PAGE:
PRLog - Feb. 16, 2012 - BUDAORS, Hungary -- Getting the right people with the right skills into the right jobs—a common definition of talent management—is the basic people management challenge in any organization.
Talent Management Summit & Mstclass- 23.04 Vienna
While talent management often focuses on managerial and executive positions, the issues involved apply to all jobs that are hard to fill. Failures in talent management may be more recognizable than the concept itself. Those failures include mismatches between supply and demand: on the one hand, having too many employees, leading to layoffs and restructurings, and on the other hand, having too little talent or not being able to find the skills that are needed.
These mismatches are among the biggest challenges that employers face. Over the past generation, many employers have lurched from surpluses of talent to shortfalls and back again.
Learn more about the right way of managing your talent from Professor Peter Cappelli. Recognized as one of the world's most important authorities on human capital, Dr. Peter Cappelli is the George W. Taylor Professor of Management at the Wharton School and Director of Wharton's Center for Human Resources.
His work focuses on human resource practices, talent and performance management, and public policy related to employment. He advises organizations on the development of managerial and executive talent by helping his clients better understand how careers and career paths have changed, how these changes require companies to think about managing talent from a more strategic perspective, and how individuals should now think about managing their own careers.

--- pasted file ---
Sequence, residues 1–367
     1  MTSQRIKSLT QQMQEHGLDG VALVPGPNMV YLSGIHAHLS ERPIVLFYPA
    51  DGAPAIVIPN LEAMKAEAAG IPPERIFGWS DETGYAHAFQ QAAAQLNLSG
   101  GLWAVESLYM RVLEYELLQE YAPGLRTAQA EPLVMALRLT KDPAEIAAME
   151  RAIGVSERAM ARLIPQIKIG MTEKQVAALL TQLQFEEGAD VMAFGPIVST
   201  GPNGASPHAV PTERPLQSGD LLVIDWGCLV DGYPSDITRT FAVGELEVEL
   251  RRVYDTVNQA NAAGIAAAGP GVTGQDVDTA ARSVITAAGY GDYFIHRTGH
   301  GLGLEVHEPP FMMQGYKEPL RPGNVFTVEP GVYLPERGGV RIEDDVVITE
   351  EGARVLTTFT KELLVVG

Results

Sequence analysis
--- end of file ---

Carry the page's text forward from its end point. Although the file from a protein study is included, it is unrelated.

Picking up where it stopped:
Peter's more recent research examines changes in employment relations in the U.S. and their implications. Publications on the subject matter include, The New Deal at Work: Managing the Market-Driven Workforce, which examines the decline in lifetime employment relationships, Talent Management: Managing Talent in an Uncertain Age, which outlines the strategies that employers should consider in developing and managing talent (named a "best business book" for 2008 by Booz-Allen).
Peter was named one of the 25 most influential people in the field of human capital by Vault.com and one of the top 100 people in the field of recruiting by Recruiter.com. Additionally, he was elected to the National Academy of Human Resources, and—in 2004—named editor of the Academy of Management Perspectives. He currently serves on commissions for The Business Roundtable, the World Economic Forum, and the U.S. Department of Labor.
Visit the event site to learn more http://talentfortomorrowsummit.com/
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